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Governors take sides on race for presidency


STATE COLLEGE, Pa. - The nation's governors opened their annual gathering here yesterday with promises of bipartisan cooperation in the morning but started taking political potshots before the sun set.

Republican and Democratic governors attending the National Governors' Association conference held rival news conferences, giving a preview of themes that are likely to dominate the party presidential conventions and fall campaigns.

Exuding confidence that Texas Gov. George W. Bush would hold his lead in recent polls, GOP governors sought to portray their nominee-to-be as an experienced consensus-builder who would bring "civility" to Washington. They cast Vice President Al Gore as a partisan gut-fighter who would block needed reform.

"If you want results, you have to bring people together, the way Governor Bush has done," said Pennsylvania Gov. Tom Ridge.

Democrats focused on economic prosperity, for which they gave the Clinton administration the credit - especially Gore's tie-breaking vote in 1993 for the administration's deficit-cutting economic program. Warning that Bush would bring back the days of high interest rates and budget deficits, they expressed confidence that Gore would turn around his poll numbers when voters begin to focus on fundamental issues.

"We're full of optimism," Gov. Parris N. Glendening told reporters after the Democratic governors heard a briefing from the incoming Gore campaign chief, Secretary of Commerce William M. Daley.

Democrats also foreshadowed a likely line of attack as they homed in on Bush's record on health care. Vermont Gov. Howard Dean noted statistics showing that Texas has the nation's lowest percentage of people covered by health insurance.

"With all this prosperity, with Al Gore's tie-breaking vote, why is Texas going backwards?" Dean said.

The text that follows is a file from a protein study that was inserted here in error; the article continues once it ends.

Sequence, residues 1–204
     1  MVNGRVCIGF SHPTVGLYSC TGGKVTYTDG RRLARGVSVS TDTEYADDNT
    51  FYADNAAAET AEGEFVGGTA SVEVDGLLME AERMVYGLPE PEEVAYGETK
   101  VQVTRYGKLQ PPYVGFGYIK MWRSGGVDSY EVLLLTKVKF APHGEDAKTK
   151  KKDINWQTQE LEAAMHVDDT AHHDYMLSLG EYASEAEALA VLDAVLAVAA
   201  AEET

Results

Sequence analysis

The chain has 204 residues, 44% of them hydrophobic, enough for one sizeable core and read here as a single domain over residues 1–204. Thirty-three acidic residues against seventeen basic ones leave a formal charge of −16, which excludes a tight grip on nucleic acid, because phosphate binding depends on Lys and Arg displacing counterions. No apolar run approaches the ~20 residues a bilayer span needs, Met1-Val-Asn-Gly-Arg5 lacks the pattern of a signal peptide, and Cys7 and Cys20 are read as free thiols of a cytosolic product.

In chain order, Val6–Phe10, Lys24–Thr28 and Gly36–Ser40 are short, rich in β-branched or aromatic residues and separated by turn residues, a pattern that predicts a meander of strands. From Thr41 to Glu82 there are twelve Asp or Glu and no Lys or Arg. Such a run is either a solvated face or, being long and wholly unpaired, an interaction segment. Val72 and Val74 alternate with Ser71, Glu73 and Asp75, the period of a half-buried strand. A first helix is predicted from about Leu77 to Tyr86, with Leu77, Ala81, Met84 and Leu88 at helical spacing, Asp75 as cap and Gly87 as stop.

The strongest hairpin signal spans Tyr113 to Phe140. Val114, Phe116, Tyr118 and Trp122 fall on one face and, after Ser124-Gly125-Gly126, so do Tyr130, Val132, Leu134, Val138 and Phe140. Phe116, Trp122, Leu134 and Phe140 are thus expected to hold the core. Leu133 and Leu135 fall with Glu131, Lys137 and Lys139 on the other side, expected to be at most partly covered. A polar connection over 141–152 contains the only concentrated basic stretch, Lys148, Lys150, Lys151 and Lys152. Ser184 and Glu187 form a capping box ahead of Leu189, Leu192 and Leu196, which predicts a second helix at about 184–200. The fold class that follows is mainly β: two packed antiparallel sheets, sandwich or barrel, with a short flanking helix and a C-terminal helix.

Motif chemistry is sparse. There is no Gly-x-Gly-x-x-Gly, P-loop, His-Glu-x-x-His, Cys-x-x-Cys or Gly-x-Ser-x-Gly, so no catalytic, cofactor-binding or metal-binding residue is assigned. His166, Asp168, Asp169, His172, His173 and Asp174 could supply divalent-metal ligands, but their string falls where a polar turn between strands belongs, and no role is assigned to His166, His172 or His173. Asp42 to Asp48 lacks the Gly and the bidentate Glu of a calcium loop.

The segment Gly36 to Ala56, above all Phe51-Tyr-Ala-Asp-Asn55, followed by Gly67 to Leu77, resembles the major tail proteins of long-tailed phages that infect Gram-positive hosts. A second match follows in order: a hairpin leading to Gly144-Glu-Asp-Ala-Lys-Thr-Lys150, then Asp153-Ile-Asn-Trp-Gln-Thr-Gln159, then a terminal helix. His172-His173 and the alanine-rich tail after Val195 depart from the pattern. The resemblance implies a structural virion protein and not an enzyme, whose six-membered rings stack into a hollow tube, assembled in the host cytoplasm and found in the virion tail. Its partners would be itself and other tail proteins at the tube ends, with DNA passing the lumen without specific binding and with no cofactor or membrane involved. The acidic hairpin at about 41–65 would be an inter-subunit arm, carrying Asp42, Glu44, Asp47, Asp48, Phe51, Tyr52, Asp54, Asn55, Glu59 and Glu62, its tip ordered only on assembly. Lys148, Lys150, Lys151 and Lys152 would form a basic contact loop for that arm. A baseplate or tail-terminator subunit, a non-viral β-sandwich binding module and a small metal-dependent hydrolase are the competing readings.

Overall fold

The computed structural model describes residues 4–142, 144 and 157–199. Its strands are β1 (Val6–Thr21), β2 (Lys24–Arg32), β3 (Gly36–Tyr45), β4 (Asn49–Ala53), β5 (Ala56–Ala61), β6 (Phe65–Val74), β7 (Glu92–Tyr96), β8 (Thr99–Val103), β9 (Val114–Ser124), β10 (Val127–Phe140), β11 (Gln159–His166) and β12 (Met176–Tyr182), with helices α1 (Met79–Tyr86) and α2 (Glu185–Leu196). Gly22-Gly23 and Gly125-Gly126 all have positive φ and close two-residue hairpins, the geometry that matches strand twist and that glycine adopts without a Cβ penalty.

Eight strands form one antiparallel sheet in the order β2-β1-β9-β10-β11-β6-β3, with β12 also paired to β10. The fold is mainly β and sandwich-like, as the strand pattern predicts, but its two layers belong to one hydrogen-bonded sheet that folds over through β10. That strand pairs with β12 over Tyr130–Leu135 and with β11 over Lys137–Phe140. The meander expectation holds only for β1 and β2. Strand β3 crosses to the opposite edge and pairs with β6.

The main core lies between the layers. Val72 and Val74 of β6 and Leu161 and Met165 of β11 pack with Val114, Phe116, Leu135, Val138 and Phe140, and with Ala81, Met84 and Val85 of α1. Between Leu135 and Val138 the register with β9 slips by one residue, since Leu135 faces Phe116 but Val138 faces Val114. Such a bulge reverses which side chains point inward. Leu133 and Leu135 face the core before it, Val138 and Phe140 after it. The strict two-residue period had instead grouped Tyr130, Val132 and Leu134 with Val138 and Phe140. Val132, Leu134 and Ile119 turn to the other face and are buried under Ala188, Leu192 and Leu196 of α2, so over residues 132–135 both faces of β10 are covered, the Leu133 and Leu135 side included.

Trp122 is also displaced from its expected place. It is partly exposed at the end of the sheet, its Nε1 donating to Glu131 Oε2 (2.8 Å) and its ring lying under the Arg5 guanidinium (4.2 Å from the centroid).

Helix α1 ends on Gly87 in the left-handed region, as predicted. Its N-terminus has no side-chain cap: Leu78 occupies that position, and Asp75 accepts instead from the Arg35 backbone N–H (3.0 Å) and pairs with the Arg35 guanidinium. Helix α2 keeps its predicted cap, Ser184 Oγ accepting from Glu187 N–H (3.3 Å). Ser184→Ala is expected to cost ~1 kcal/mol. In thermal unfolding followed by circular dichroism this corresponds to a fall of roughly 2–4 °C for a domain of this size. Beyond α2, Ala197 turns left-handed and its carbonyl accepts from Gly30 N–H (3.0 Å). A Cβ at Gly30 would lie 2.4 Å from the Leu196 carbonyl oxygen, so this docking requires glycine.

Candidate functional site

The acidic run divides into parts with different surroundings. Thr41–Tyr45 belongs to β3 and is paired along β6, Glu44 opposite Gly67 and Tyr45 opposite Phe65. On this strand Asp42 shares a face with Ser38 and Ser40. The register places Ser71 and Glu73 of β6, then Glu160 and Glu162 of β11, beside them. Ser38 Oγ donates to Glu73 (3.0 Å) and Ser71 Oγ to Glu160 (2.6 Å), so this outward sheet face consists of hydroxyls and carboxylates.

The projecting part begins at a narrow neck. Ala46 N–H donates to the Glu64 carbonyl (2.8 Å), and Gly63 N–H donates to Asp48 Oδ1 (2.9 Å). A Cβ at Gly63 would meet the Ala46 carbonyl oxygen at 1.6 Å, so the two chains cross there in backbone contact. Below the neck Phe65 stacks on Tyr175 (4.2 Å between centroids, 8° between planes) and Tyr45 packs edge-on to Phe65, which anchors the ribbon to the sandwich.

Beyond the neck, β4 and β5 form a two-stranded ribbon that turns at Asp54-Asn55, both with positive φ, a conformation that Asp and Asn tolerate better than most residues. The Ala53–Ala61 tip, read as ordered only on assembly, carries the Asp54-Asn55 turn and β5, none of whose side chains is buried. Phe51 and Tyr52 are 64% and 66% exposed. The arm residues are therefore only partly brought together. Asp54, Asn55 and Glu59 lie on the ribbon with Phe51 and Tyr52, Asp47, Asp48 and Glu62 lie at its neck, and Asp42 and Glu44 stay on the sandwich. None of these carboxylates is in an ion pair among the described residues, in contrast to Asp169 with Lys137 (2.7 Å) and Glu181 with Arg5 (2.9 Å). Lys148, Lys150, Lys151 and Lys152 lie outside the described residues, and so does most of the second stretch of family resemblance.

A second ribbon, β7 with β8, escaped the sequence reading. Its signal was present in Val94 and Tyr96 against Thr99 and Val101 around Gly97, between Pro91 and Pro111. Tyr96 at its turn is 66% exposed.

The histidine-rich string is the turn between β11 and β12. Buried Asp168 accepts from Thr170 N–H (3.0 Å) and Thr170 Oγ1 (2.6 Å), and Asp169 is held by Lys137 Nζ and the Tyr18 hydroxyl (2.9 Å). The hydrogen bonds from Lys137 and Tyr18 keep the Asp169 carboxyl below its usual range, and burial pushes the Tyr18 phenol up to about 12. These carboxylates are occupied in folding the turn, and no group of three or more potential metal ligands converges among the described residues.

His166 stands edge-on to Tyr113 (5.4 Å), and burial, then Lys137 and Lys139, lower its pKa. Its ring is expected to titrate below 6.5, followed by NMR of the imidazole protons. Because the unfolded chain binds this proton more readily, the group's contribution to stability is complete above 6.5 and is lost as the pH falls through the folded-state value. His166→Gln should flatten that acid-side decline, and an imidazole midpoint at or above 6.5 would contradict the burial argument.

Virginia Gov. James S. Gilmore III gave a glimpse of the Bush campaign's likely response - to tie Gore to the rejected Clinton health plan of 1994. "Al Gore's health plan is going to be just another colossal micromanagement scheme," Gilmore said.

Glendening, who will become association chairman at the close of the conference Tuesday, pointed to the 1988 election, when Vice President George Bush was far behind Gov. Michael S. Dukakis of Massachusetts in some midsummer polls. "Go back to the last time you had the similar situation of a vice president running and Bush Senior won," Glendening said.

Vice presidential politics garnered much of the attention - especially on the Republican side.

With riveting issues in short supply, media attention focused on Ridge, host of the annual conference and one of the top prospects to join Bush on the Republican presidential ticket.

Ridge stole the show at the opening news conference, diverting attention from Chairman Michael O. Leavitt of Utah and Vice Chairman Glendening.

Reporters threw question after question at Ridge about his feelings on the vice presidency and the prospect of his being chosen by Bush, who is one of about a dozen governors skipping the conference.

"Obviously, it's been flattering," said Ridge. He said the speculation has let him "plant Pennsylvania's flag around the country" - especially in corporate boardrooms.

Dozens of reporters surrounded Ridge as he walked to the conference hall, peppering him with questions as photographers walked backward ahead of him. One video cameraman backed loudly into a light pole.

Leavitt and Glendening tried to refocus attention on the official agenda question: "What must a state do to prosper in the 21st century?"

Leavitt laid out a seven-point plan general enough that any governor could agree with it. The plan calls for "investing in people," especially through education; building state-of-the-art telecommunications infrastructure; treating residents as customers; streamlining taxes and regulations; nurturing entrepreneurship; creating high-tech magnet facilities; and preserving the quality of life.

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